Here are some outstanding historical fiction books that will bring to light the struggles, bravery and lifelong battles of people overcoming bigotry. These books are good for ages eight and up.
Forge, by Laurie Halse Anderson, is an enlightening story about life as a soldier during the Revolutionary War. Curzon is an escaped slave who joins the militiamen to keep from being caught and returned to his master. However, it’s the late fall of 1777 and life is very difficult for all soldiers, let alone a black soldier (they lived under a constant threat of being returned to their owners if they weren’t “freemen”). There’s a most interesting appendix found at the back of the book with questions and answers concerning the historical events described in the story. There’s also a list of vocabulary words and definitions as well.
Dave the Potter: Artist, Poet, Slave, by Laban Carrick Hill, and illustrated by Bryan Collier, is a visually told picture book with concisely placed words and beautiful watercolors that seem to flow together in a pattern with the texture of a stoneware jar. Dave was an enslaved potter living during the 1800’s. Little is known about him except that he’d mastered the art of making elegant pottery. He also inscribed short rhyming poems of the sides making him highly unusual. Slaves weren’t allowed to learn skills such as making pots and very few learned how to read and write. The fold-out spread in the book glorifies his talent with clay. And the back tells more about this talented artist by permeating his words into the background. This outstanding book won the Caldecott Honor award for this year.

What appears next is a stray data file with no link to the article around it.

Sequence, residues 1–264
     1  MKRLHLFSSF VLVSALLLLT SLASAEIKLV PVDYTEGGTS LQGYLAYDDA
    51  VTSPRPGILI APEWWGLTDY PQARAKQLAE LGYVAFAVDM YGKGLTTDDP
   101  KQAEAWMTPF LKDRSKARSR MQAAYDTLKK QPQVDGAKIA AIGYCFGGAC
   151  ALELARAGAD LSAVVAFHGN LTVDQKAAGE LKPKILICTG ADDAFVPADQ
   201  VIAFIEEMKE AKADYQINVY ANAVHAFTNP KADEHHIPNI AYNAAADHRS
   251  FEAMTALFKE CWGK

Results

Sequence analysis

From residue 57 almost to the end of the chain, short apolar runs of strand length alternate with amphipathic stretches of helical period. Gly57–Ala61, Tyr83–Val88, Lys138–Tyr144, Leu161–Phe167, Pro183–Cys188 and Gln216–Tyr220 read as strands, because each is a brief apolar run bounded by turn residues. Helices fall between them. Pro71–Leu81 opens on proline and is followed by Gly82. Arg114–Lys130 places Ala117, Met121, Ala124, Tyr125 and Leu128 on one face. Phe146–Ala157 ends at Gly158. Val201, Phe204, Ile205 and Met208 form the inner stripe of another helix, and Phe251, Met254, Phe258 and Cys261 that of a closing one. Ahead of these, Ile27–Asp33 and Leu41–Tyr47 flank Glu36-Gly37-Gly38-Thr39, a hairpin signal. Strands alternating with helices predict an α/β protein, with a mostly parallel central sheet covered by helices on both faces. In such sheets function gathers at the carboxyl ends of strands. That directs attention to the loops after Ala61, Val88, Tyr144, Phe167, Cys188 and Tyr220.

Eliza’s Freedom Road: An Underground Railroad Diary, by Jerdine Nolen, tells the tale of eleven-year-old Eliza through her journal entries. She has lost her mother to a slave auction and now she sees that she will also soon be sold. So, at the risk of everything and everyone familiar to her, as well as her life, she decides to escape to freedom by way of the Underground Railroad. Her life-threatening journey, while following the advice from her mother’s stories on her quilt, allows her to learn the most important lessons in survival: literacy and courage.
Freedom Ship, by Doreen Rappaport, and illustrated by Curtis James, tells the events, through the eyes of a young boy who is a direct descendant of the protagonist, of a most amazing true story that took just one day to succeed. Twenty-One-year-old Robert Smalls and 9 other crew members take control of a Confederate ship that was equipped with cannons and ammunition and delivered it to the Union side. Be sure to check out the afterward that tells how this great man went on to even greater achievements in his life. The chalk-pastels and dark shadowing in this picture book seem to float off the page.
Busing Brewster, by Richard Michelson, and illustrated by R. G., is a picture book about building bridges for the black and white communities. Young Brewster is nervous about going to a school far away in a white community. And it becomes even more difficult when the adults resist. This 1970’s setting will surely get some conversation going. The wonderful mixed-media and collage art sets the retro setting of an era of over forty years ago.
The Secret River, by Marjorie Kinnan Rawlings, and illustrated by Leo and Diane Dillon, is the retelling of the classic story first published posthumously in 1956 by this Pulitzer Prize winner and all of her glorious and deeply rich language is exhibited here. But what sets this book apart is the updated captivating, and often full spread, pictures. Young Calurnia is portrayed as a determined black girl who goes deep in the forest to find fish for her father to sell. The adventures and magic that takes place is both captivating and capricious.
Rosa’s Bus: The Ride to Civil Rights, by Jo S. Kittinger, and gorgeously painted with oil by Steven Walker, has a little different take on this life-changing event. It takes place from the vantage point of the bus. It didn’t get the traditional sign painted on its side declaring where white and “colored” people sat. The author carefully brings out the way life was, and how the system worked, according to people of minority living in Alabama. Also, the author’s note goes into more detail about the boycott and other significant names of this era.